Figure 9 Tree views of the relative abundance between wilt-tolerant and wilt-susceptible cotton cultivars for rhizosphere fungi; the relative difference in abundance is expressed as log2FoldChange with the values indicating that the relative abundance of specific OTUs was greater in the wilt tolerant cultivar samples than in susceptible cultivar samples. The size of nodes represents the abundance of rhizosphere fungi at the specific taxonomic rank. Those OTUs that could not be assigned reliably to a taxonomic rank below Kingdom have been excluded from the graph. The graph is drawn with the R package—Metacoder (Foster et al., 2017).
Wilt Development in Sterilized Soil
Although the correlation in the cultivar mean wilt indices were significant (P < 0.001) between field and greenhouse studies, the actual differences in the average wilt indices among the nine cultivars were much smaller in the greenhouse trial than in the field trial (Table 1, Figure 1). Average wilt index ranged from 19.8 (cv. NXC1208) to 36.9 (cv. JM11) in the greenhouse trial (Table 1). Cultivar differences accounted for 77.6% of the total variability, most (87.5%) of which were due to the differences between susceptible and resistant cultivars.
As a monocyclic disease, inoculum levels of V. dahliae (CFU per gram of soil) in the soil at planting plays a critical role in the development of cotton wilt (Wei et al., 2015). Increasing cultivar tolerance/resistance to V. dahliae leads to corresponding increases in the inoculum threshold value necessary for wilt development (Wei et al., 2015). In the present study, there were no significant differences in the V. dahliae CFU counts between cultivars but the wilt indices differed largely between the resistant and susceptible cultivars. Only on the basis of individual plants was the CFU positively related to observed wilt severity, but only accounted for ca. 9.0% of the total variability, compared to 81.5% by cultivars. Thus, most differences in wilt severities among cultivars in the field trial are unlikely due to the differing levels of wilt inoculum.
The most abundant bacterial rhizosphere phylum was Proteobacteria (74.5%), followed by Actinobacteria (11.4%), and Firmicutes (11.4%). Similar to studies in Arabidopsis (Bulgarelli et al., 2012; Lundberg et al., 2012; Schlaeppi et al., 2014) and rice (Edwards et al., 2015), the relative abundance of Proteobacteria increased in the endosphere relative to the rhizosphere, and the opposite was true for Acidobacteria and Firmicutes. With regard to fungi, Ascomycota was the most abundant phylum in both endosphere and rhizosphere. As with field strawberry plants (Wei et al., 2016b), the two most abundant fungal phyla were Ascomycota and Basidiomycota. The relative abundance of both bacterial and fungal phyla in the rhizosphere and inside roots thus appears to be similar for land plants.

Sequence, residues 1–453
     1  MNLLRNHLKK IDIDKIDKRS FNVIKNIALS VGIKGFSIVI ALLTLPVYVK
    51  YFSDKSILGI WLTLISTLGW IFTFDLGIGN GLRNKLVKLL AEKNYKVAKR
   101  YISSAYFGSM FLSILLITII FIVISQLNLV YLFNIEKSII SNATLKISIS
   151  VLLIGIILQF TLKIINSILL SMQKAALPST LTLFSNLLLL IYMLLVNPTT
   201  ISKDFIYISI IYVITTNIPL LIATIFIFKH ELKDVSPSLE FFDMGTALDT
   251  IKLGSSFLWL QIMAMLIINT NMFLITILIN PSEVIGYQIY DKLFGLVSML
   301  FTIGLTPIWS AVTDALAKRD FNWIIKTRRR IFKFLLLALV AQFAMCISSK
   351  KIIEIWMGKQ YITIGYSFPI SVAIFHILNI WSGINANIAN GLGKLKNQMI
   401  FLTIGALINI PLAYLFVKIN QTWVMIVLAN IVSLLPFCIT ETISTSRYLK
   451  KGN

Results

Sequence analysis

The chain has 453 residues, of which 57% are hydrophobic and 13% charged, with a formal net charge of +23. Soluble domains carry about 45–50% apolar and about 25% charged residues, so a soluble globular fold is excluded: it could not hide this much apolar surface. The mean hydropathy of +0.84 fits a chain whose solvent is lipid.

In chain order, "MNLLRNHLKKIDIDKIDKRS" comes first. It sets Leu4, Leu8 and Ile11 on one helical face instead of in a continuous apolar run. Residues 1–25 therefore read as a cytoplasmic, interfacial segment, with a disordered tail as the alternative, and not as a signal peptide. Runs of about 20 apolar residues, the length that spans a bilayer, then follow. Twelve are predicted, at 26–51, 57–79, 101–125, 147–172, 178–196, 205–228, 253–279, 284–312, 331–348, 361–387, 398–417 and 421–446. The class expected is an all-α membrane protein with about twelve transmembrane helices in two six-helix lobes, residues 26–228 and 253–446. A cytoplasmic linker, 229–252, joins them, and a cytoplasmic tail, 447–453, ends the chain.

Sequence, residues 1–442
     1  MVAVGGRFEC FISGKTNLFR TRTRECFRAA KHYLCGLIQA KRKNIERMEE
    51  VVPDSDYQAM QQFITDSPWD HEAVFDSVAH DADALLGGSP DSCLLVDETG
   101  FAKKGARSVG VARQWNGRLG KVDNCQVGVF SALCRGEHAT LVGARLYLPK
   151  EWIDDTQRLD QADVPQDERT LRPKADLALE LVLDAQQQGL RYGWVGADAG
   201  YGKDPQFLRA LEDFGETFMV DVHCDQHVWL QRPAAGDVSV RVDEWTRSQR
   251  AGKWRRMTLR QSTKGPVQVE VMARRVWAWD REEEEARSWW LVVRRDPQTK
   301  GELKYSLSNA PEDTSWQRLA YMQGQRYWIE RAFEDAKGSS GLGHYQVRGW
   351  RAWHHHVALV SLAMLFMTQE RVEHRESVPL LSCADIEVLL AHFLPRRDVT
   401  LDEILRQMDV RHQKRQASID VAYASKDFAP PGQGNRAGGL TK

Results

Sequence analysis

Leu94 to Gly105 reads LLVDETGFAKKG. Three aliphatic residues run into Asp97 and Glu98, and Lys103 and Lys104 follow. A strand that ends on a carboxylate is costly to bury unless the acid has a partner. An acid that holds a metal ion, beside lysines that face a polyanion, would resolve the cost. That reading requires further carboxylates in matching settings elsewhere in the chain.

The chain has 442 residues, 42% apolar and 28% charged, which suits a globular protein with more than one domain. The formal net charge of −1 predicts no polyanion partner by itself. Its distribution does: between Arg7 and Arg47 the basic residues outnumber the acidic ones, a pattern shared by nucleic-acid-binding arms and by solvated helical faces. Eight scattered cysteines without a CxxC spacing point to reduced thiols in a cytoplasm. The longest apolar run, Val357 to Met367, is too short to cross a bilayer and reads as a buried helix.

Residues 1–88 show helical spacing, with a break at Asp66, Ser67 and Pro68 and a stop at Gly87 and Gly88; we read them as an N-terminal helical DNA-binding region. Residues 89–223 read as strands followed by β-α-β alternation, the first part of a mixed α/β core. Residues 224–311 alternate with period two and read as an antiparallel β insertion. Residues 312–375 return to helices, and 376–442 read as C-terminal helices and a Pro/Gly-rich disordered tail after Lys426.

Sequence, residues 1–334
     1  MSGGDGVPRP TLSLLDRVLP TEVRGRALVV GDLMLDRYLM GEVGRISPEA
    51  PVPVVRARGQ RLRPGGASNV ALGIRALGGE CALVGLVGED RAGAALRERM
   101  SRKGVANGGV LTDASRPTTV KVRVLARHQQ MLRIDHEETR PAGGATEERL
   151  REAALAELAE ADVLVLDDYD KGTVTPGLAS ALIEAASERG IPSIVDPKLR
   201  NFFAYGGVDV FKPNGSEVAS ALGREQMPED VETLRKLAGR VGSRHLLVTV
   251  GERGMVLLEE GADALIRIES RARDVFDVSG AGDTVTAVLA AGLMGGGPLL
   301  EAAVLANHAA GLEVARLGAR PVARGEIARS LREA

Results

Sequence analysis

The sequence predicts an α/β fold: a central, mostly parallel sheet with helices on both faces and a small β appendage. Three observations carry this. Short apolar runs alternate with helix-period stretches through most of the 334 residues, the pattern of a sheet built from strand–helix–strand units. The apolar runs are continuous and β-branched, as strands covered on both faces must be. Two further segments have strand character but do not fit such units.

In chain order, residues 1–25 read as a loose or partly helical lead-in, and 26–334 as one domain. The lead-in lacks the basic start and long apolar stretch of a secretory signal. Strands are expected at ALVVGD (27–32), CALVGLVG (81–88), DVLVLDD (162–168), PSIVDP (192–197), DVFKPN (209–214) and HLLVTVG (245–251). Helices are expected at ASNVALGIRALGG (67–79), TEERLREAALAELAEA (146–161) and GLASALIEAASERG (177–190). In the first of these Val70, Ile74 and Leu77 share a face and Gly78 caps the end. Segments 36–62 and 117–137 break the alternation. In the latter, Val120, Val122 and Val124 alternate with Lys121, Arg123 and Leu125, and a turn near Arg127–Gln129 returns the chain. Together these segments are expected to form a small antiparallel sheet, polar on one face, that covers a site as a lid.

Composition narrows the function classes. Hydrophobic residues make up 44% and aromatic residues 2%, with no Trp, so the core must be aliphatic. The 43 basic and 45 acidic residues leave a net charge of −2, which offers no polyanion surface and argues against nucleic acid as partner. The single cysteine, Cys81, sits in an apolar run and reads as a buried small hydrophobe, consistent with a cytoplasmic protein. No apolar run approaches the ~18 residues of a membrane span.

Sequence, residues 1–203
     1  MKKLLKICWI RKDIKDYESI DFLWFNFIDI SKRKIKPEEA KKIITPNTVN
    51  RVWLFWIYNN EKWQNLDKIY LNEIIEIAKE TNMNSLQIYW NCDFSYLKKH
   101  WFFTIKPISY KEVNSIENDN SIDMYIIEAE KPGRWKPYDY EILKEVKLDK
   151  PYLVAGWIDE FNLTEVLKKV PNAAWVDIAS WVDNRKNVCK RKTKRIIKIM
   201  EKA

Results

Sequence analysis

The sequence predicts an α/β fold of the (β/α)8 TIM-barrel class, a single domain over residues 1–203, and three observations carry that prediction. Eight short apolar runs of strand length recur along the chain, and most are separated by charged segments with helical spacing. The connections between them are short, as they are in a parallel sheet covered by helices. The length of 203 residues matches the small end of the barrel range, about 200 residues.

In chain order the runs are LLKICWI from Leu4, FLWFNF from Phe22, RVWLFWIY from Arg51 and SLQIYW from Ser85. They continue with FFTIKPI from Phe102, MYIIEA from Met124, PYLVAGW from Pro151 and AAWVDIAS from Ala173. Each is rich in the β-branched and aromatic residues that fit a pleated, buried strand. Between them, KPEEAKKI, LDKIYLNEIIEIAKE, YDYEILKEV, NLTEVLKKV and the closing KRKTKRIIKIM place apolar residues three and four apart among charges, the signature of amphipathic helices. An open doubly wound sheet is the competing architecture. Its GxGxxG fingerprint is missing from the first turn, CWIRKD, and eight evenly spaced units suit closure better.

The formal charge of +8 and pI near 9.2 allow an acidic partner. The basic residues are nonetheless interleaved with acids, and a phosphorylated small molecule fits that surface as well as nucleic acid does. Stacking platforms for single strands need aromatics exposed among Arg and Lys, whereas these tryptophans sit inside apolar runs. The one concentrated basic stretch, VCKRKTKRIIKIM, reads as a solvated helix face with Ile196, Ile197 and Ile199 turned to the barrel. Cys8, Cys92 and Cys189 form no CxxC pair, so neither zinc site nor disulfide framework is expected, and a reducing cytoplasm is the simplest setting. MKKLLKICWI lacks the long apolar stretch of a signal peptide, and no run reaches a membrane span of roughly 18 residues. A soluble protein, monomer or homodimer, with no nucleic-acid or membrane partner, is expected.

Sample alpha diversity indices indicated a large reduction in the microbial diversity from rhizosphere to the root endosphere. This points to a gating role of the root surface for selective entry of bacteria and fungi into the root interior; this phenomenon has been found in other plant species, such as Arabidopsis thaliana (Duran et al., 2018) and rice (Edwards et al., 2015). In general, the endophytic microbiome is more specific than in rhizosphere, as fewer well-adapted bacteria are permitted to enter and survive in the plant interior (Compant et al., 2010). The complexities of specific endophyte community structures indicate that they may interact with the plant host and influence plant physiology (Gaiero et al., 2013). Specific plant factor(s) regulating endophytic communities remain little understood. A number of studies indicate that individual endophytic microbial members have antagonistic activity against pathogens (Berg et al., 2005; Procopio et al., 2009; Li et al., 2014). Such antagonistic effects may have resulted from direct effects of biologically active compounds produced by endophytes and/or indirect effects through induced resistance (Zamioudis and Pieterse, 2012).
Verticillium wilt resistance is mediated by quantitative trait loci and such quantitative traits can be considerably influenced by other factors, including environmental conditions and plant-associated microbiota. The composition of plant microbiome is inﬂuenced by many factors, including genotypes, plant developmental stage, and plant health (Berg et al., 2016). For instance, endophytic bacterial communities differed among cultivars (genotypes) of potato (Solanum tuberosum L.) (Sessitsch et al., 2004; Manter et al., 2010; Ardanov et al., 2012) and common bean (Phaseolus vulgaris) (de Oliveira Costa et al., 2012). This genotypic association is usually interpreted as the consequence of recruitment of specific microbes through characteristic root exudates. Structural and functional diversity of plant-associated microbiome can also greatly be affected by soil physical properties and nutrient availability (Berg and Smalla, 2009). The host-genotypic microbiome association has not yet been specifically explored in commercial agriculture.